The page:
Rwanda ex-mayor Ndahimana's genocide jail term raised

Mass grave and remains of the Catholic church in Nyange, in the western Rwandan photographed in 2004
Image caption The Nyange church was bulldozed in 1994 and some 2,000 Tutsi sheltering inside were massacred

A Rwandan ex-mayor found guilty of genocide by a UN-back war crimes tribunal in 2011 has had his sentence extended from 15 to 25 years on appeal.

Gregoire Ndahimana was found guilty of failing to intervene when police under his command in Kivumu attacked a church where ethnic Tutsis were sheltering.

Both he and the prosecution appealed.

The appeal judges raised the sentence, saying he as not just an "aider and abettor" in the massacre but was also involved in its planning.

Some 800,000 Tutsis and moderate Hutus were killed in 100 days in 1994.

'Drank beer'

When the sentence was read out at the International Criminal Tribunal for Rwanda (ICTR) in the Tanzanian town of Arusha, the former mayor collapsed into a chair and his wife wept in the public gallery, the AFP news agency reports.

More than 2,000 Tutsi were sheltering in the Nyange Catholic church in Kivumu when it was bulldozed on 16 April 1994.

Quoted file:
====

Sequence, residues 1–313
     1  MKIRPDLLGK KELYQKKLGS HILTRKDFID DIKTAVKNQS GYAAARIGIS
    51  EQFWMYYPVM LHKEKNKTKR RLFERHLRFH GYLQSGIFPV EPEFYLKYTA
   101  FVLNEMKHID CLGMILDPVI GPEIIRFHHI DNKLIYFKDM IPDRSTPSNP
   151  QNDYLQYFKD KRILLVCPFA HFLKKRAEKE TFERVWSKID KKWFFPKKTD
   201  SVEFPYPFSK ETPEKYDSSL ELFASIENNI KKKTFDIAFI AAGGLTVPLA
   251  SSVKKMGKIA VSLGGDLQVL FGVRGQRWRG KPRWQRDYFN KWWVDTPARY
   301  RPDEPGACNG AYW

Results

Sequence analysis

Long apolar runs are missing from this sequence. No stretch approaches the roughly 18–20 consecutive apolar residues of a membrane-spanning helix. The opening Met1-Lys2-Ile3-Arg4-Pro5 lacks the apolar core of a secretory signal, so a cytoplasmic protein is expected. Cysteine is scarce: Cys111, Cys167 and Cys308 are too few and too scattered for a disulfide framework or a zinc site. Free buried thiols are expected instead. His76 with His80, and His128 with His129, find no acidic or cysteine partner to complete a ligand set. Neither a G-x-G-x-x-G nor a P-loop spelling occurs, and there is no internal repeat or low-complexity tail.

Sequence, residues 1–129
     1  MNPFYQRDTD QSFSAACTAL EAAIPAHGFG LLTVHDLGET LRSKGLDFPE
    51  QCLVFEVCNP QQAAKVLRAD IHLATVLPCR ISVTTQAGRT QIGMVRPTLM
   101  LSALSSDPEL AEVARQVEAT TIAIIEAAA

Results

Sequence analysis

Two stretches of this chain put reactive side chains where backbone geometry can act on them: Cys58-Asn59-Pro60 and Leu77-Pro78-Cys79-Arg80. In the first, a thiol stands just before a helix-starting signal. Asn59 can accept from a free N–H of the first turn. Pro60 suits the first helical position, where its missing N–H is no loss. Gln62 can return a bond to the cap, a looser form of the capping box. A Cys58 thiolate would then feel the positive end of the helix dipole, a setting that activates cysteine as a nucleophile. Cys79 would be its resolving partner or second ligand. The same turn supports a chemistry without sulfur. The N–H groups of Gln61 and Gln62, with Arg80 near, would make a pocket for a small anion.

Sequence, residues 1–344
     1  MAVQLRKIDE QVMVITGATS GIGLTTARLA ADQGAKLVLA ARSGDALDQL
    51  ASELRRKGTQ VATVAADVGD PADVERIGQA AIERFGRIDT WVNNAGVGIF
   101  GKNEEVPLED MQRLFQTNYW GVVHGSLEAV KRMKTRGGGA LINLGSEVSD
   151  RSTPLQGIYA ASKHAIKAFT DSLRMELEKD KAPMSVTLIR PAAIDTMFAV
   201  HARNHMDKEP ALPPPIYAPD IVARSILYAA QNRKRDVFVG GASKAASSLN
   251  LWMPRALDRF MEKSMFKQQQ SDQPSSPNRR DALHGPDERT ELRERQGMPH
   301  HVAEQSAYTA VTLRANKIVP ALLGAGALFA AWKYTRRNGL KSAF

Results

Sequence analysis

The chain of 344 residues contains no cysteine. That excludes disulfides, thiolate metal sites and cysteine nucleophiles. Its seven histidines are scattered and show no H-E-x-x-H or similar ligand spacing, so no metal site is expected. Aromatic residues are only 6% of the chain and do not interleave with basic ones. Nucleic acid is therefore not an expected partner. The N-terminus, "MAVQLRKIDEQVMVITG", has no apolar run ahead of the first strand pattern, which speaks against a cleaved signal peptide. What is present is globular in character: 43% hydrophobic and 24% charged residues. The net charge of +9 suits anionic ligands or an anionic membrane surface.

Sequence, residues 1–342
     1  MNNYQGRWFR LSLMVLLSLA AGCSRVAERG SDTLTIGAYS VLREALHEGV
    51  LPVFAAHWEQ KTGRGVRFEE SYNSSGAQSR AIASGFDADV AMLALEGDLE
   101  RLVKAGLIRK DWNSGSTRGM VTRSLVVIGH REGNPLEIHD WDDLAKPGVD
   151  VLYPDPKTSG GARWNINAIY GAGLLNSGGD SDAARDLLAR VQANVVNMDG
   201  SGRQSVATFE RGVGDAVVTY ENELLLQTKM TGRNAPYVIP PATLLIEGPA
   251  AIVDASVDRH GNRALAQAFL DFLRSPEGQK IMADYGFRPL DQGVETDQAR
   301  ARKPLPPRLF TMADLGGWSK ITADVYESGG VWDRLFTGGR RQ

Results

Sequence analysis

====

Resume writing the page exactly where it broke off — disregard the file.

Both Ndahimana and the prosecution had appealed against the 2011 verdict, which found him guilty of "genocide and extermination as a crime against humanity".

But prosecutors argued that Ndahimana had celebrated the bulldozing of the church by drinking beer with other local officials, showing he was more involved in the killings.

"The Appeals Chamber considered that the elevation of Mr Ndahimana's criminal responsibility from that of an aider and abettor to that of a participant in a joint criminal enterprise resulted in an increase of his overall culpability which called for a higher sentence," the ICTR statement said.

After the 1994 killing spree, some of those responsible fled across the border to the Democratic Republic of Congo, sparking years of unrest in the region.

Ndahimana was arrested in August 2009 during operations against Rwandan rebels in eastern DR Congo.

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